Clothing construction is taught in the middle and secondary schools by FCS teachers. The National Standards for Family and Consumer Sciences Education (NASAFACS 2018-2028)  guides curriculum development for secondary education and provides 16 content standards for the comprehensive field of Family and Consumer Sciences (FCS). One content standard pertains to textiles, fashion, and clothing. This content standard includes seven comprehensive standards for textiles, fashion and apparel. Of those seven comprehensive standards comprised of 42 substandard, only two sub standards concern skills related to clothing construction (FCS National Standards, NASAFACS 2018). Some authors, such as Ward, et al.  suggest that clothing construction skills have become less important due to changes in the work of the family and entry requirements for careers in the fashion and textile industry. Universities have reduced and/or eliminated their clothing construction classes due to expensive of equipment, labs, and their maintenance (Brandes & Garner, 1997). FCSE students are also mandated to be proficient in clothing construction, since they are certified to teach those skills in their classes. However, FCSE students, like fashion students, tend to feel that they lack the necessary expertise in clothing construction to teach clothing construction, although it is one of their job . Most recently, Martindale A, et al.  provided research on women’s motivation to sew clothing for themselves and included a nice review of the literature for those interested in the evolution of home sewing including its resurgence.
Four questionnaires were developed for the following populations: secondary and middle school Family and Consumer Sciences (FCS) teachers in New Mexico; Fashion Merchandising and Design (FMAD) students at New Mexico State University (NMSU); Family and Consumer Sciences Education (FCSE) students at NMSU; and fashion industry professionals.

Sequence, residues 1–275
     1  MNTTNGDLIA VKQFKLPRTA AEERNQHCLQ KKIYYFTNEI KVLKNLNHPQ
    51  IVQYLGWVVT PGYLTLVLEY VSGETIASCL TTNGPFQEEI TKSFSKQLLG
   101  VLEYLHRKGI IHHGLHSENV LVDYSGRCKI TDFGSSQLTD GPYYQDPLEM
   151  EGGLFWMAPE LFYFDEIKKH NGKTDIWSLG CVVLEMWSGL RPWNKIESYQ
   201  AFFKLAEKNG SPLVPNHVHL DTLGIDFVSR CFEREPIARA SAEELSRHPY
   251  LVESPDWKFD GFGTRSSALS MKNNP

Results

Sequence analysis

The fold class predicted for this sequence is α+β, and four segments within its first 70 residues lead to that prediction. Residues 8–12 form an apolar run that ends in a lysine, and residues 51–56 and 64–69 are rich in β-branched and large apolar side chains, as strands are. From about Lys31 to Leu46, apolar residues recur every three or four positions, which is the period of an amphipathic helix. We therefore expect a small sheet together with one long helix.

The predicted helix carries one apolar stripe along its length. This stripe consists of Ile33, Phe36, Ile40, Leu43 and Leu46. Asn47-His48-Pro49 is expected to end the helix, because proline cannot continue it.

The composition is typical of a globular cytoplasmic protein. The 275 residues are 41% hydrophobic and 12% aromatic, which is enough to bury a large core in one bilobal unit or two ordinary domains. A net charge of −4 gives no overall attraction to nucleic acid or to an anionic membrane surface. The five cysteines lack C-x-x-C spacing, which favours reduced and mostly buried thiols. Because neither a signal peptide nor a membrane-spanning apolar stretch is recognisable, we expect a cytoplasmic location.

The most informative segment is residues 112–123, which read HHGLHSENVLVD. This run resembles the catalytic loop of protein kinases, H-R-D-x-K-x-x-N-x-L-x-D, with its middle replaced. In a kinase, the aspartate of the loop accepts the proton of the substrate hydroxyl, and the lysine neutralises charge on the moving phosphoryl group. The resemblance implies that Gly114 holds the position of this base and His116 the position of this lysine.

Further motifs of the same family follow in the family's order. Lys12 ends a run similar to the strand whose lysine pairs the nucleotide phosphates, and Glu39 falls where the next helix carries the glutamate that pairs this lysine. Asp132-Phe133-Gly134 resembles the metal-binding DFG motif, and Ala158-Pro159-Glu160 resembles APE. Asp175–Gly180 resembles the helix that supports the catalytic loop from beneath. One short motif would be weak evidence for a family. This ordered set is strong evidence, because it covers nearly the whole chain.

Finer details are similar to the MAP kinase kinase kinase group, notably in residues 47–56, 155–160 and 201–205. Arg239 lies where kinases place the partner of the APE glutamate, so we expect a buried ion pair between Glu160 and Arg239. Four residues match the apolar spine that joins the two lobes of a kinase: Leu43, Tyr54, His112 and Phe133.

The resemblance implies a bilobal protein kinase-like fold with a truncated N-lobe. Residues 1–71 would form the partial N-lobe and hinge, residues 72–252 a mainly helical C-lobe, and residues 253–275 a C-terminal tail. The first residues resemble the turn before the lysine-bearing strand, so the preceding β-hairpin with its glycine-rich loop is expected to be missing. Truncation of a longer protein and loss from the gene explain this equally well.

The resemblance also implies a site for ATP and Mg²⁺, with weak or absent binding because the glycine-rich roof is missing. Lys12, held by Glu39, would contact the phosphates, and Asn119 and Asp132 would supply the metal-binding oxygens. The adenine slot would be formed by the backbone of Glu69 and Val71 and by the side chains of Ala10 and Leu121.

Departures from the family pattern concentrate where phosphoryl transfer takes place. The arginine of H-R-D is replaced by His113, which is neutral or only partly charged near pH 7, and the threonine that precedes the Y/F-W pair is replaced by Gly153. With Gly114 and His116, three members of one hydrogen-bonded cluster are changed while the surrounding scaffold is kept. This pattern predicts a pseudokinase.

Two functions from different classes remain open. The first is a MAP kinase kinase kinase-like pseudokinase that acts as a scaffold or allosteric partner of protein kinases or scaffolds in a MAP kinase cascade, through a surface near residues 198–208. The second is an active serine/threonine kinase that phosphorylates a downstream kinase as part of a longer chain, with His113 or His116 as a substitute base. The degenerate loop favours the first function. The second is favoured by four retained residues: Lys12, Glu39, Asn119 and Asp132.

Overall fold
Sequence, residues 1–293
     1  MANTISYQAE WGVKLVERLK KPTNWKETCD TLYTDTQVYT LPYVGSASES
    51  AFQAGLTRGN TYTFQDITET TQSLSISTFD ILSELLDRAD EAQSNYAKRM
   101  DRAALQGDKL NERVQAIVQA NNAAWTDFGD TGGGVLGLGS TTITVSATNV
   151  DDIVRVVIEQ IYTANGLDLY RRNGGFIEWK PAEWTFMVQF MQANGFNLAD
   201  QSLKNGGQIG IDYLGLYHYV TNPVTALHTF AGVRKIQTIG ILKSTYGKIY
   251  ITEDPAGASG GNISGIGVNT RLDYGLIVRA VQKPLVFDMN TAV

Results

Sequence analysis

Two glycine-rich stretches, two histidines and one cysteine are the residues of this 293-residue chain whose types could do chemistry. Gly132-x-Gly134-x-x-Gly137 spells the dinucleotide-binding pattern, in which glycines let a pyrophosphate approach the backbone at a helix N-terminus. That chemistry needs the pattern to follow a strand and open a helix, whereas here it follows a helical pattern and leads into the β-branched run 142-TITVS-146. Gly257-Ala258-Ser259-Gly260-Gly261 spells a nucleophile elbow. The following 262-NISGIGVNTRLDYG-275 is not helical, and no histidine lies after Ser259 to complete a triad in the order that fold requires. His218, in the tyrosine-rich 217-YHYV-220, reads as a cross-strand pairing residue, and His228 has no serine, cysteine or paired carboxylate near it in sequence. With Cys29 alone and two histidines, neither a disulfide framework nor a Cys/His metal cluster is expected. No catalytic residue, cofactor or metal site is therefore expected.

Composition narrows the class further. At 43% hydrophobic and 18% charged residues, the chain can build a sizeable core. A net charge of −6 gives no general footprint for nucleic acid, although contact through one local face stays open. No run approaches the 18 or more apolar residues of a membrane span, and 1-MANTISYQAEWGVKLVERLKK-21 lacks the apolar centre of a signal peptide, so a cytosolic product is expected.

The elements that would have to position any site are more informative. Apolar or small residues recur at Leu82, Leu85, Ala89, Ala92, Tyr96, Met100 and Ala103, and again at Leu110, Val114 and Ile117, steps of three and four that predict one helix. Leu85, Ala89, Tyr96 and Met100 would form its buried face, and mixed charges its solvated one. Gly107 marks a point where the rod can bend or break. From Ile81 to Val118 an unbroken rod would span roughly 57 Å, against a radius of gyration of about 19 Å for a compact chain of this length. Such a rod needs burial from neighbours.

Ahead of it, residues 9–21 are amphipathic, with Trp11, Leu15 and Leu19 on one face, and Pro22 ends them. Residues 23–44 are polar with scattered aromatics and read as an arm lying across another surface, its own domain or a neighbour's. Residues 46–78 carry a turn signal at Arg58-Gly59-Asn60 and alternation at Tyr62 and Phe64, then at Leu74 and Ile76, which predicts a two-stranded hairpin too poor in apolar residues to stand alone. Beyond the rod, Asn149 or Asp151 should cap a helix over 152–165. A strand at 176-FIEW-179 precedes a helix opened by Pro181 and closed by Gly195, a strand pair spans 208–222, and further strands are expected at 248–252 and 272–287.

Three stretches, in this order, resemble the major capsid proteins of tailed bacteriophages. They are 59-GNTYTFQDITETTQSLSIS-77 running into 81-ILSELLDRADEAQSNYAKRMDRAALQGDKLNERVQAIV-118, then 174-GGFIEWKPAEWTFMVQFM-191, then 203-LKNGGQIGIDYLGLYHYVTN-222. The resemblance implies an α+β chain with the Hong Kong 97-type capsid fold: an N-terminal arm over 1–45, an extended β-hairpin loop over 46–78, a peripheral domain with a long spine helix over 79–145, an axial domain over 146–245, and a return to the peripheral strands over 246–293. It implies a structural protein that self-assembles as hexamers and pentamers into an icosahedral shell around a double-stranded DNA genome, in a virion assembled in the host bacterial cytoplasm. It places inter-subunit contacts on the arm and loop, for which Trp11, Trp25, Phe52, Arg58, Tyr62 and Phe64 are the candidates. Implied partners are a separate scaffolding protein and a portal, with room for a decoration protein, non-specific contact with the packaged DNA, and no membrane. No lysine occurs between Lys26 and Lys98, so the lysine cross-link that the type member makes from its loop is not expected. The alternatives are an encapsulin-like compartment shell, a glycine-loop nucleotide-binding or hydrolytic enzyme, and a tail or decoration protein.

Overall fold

The questionnaires developed by the researchers (FMAD and FCSE professors) included closed and open-ended questions. The questionnaire developed for FCS teachers included nine questions. The questionnaire developed for FMAD and FCSE students had five questions. The questionnaire developed for fashion industry professionals included four questions.
Survey instruments are available upon request from the researchers.
The survey instrument designed for teachers was emailed to secondary and middle school FCS teachers in New Mexico from an email list provided by the New Mexico CTLP state office. The survey instrument designed for fashion students was emailed to 59 students currently enrolled in FMAD at NMSU. The survey instrument designed for FCSE students was emailed to 9 students at NMSU. In addition, the surveys were emailed to 13 industry professionals. Since participation was limited to the individuals willing to participate from those groups, the findings may not be representative of all secondary and middle school FCS teachers, college students enrolled in fashion merchandising, college students enrolled in family and consumer sciences education, and fashion industry professionals. A total of 14 useable surveys were obtained. Participants included five FCS teachers, three FCSE students, four FMAD students, and 3 industry professionals.
Participants & Sample
The target populations in this study were selected to participate because of their impact on clothing construction classes offered at the university level: secondary and middle school Family and Consumer Sciences (FCS) teachers in New Mexico; Family and Consumer Sciences Education (FCSE) students enrolled at New Mexico State University (NMSU); Fashion Merchandising and Design (FMAD) students enrolled at NMSU; and fashion industry professionals.